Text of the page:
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Evidence-Based Everything

Making decisions is difficult. In health care, that is even more true, whether the decision affects policy or a patient, or whether it is a personal decision as to whether or not to have a treatment.

No health care system can satisfy all the possible demands made upon it, so decisions about allocating resources are very important. Resources should be allocated to those things that are effective, and withdrawn from those that are ineffective. The only way of judging effectiveness is through evidence.

That begs the question of what constitutes evidence. The types and strengths of evidence that may be available to us are shown in the box. Bandolier aims to bring, in the main, evidence of types I and II.

This issue of Bandolier has an example of type I evidence a report of a meta-analysis on quinine in nocturnal leg cramps. This is a good report which establishes that quinine is effective in reducing the number of cramps in elderly patients, and in giving them more pain free nights. Any criticism may stem from the fact that in six eligible reports, a total of only 107 patients were studied.

Another issue is how to put over a simple message about effectiveness. Bandolier has begun to favour the NNT approach, and, as promised last month, we have a worked example from a meta-analysis of RCTs curing H pylori infection in peptic ulcer. Using NNTs, it has been possible to compress the message down to a single sentence - "Using antibiotics to cure H pylori infections in 100 patients with peptic ulcer, compared to using a short course of conventional acid suppressing medicines, results in 90 patients cured of the H pylori infection, 20 extra ulcers healed at six weeks and 56 more patients whose ulcers remain cured at one year."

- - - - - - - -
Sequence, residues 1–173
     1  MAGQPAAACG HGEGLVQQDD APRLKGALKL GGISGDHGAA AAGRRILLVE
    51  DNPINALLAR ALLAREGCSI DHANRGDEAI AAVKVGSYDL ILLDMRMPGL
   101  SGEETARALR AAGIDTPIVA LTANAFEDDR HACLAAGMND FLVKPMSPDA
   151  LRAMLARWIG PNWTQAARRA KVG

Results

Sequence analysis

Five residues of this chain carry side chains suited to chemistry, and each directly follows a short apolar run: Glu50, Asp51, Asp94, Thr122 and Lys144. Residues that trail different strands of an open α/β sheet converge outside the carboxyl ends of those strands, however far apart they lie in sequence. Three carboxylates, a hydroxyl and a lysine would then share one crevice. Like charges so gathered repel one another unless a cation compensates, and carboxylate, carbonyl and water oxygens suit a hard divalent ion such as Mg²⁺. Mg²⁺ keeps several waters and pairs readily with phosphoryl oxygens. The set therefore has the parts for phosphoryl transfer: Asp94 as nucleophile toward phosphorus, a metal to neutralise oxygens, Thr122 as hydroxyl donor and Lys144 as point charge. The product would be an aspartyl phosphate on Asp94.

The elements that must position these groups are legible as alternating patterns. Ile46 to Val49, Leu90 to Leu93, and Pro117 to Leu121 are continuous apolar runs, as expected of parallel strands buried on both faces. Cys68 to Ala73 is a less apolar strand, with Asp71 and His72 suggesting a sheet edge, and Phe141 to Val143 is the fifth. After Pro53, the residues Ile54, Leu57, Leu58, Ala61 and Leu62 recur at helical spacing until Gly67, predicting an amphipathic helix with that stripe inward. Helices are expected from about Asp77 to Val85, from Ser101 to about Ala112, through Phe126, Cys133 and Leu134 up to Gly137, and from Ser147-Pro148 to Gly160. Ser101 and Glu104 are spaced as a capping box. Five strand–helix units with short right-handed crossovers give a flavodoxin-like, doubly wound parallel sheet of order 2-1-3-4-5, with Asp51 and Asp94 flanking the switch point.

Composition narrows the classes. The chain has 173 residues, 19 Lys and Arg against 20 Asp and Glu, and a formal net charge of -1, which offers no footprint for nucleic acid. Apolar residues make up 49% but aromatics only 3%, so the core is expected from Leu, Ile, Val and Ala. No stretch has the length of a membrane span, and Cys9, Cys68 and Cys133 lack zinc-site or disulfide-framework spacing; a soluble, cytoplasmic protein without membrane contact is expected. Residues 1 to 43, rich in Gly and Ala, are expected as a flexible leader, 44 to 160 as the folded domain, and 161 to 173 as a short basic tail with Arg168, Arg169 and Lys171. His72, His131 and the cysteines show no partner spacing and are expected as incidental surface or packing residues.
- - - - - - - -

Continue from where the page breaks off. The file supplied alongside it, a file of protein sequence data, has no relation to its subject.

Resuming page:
Finding the evidence is not always straightforward, and this month we have begun a series on "How do I find......? Those already expert in evidence-gathering may know this already, but for those of us who are still getting to grips with the complexities of modern information systems, Judy Palmer's series will be invaluable.

The quality of guidelines can vary from superb to very poor. Colin Blake reviews the evidence around the use of the Royal College of Radiologists guidelines on use of X-ray diagnostics.

Finally, evidence is not just about science or medicine. It is, or should be, also about management. Bandolier would love to carry examples of evidence-based management, or evidence about the effectiveness of different management methods.

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